It was decided that the only method suitable to investigate data patterns within and between periods relevant to the research was to code site information. Although every effort was made to keep the system simple and use an elementary binary or 'present/absent' principle, the code list is long as the number of worthwhile features is considerable.

Each code comprises 4 figures whose first number (5, 4, 3, 2 or 1) denotes the period to which the rest of the coded data relates. Thus 5 = 3500-2500bc, 4 = 2500-14/1300bc, 3 = 14/1300-8/700bc, 2 = 8/700-100bc, and 1 = 100bc-AD43. The remaining three figures in any code denote a characteristic of Location, Monument or Process of disposal of human remains occurring in that particular period.

Any set of characteristics can be combined in a search for sites of any period containing a disposal with those characteristics selected. The sites in the group found could then be plotted geographically to test for broad disposal patterns.

Notes on Location Codes

The location codes describe the general location of the disposal. Sites have been divided between 'open' and 'occupation' sites for the purpose of indicating disposal location. Occupation sites comprise sites whose purpose was to provide a place to live, however transitory. These may have been large and complex settlement sites such as those of the later hill-forts, or apparently isolated hut sites, or an apparent living area identified by scatters of domestic refuse or refuse pits, without surviving evidence of structure. On such sites disposal may take place in a deliberate deposition, or human remains may be found in no apparent deliberate deposition context. These sites may be referred to as occupation or settlement sites in the sections.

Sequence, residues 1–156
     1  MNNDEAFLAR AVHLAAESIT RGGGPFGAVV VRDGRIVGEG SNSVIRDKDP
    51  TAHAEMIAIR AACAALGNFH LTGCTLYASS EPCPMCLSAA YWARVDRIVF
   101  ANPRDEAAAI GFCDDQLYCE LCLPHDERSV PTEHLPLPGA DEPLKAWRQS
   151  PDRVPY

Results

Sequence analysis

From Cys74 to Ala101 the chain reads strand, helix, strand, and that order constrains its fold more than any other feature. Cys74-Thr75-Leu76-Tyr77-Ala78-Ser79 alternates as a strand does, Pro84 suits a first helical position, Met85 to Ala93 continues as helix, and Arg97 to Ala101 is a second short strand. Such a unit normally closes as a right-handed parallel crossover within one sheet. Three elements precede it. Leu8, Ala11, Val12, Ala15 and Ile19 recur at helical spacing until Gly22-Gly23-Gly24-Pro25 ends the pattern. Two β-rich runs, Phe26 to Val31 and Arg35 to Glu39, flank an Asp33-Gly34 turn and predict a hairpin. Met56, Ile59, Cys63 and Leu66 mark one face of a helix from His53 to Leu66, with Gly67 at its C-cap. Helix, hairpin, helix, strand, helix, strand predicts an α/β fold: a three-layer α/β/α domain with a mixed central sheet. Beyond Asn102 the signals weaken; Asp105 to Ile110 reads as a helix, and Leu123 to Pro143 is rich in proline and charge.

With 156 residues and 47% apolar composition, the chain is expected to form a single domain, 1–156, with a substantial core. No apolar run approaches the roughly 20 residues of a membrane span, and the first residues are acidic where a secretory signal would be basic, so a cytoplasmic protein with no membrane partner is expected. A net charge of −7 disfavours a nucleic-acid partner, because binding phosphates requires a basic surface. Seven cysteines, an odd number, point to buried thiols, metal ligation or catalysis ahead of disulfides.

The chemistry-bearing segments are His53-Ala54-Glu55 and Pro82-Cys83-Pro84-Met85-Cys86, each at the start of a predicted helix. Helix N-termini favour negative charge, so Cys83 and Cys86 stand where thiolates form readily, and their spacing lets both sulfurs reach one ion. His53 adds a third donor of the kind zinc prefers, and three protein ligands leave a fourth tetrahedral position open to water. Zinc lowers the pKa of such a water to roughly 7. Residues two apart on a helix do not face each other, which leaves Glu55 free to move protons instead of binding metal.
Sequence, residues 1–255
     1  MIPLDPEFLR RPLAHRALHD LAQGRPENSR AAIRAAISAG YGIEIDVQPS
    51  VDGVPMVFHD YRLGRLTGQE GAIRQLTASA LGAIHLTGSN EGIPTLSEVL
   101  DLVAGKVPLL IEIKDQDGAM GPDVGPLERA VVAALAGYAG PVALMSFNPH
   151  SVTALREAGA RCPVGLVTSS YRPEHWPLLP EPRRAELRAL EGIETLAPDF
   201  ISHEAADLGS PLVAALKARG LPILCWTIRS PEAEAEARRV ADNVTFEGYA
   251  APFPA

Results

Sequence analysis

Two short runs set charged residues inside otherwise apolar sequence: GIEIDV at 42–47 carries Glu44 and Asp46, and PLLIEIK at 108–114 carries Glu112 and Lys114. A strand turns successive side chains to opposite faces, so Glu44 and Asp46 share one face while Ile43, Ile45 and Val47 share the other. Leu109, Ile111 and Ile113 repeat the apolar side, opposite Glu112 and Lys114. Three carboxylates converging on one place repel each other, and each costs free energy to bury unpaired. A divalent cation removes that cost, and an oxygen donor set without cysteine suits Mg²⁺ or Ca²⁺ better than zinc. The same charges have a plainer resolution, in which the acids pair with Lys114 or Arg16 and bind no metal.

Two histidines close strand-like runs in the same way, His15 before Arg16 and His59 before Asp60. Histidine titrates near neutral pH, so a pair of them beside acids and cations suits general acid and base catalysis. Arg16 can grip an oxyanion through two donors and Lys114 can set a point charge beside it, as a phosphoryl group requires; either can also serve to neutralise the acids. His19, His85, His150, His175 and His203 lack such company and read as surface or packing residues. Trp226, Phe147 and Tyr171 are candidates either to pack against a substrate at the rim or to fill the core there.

'Open' sites are neither occupation nor settlement sites, with the inference that they are set in open countryside, away from settlement sites. They are either a construction to hold a deliberate deposition of human remains (and may be elaborate like chambered tombs, or simple like an isolated grave), or are the locations for such disposals with no apparent deliberately constructed holding feature for remains.

These distinctions between site types have worked reasonably well, although they may be criticised where excavation has been limited, and where therefore (for example) a small open site might have proved to have been a settlement had the surrounds been explored more. It may also be the case that what appears to be traces of an occupation site is merely accidental, and does not justify the designation. The evidence is, however, full of such possible lacunae and possibilities for misinterpretation.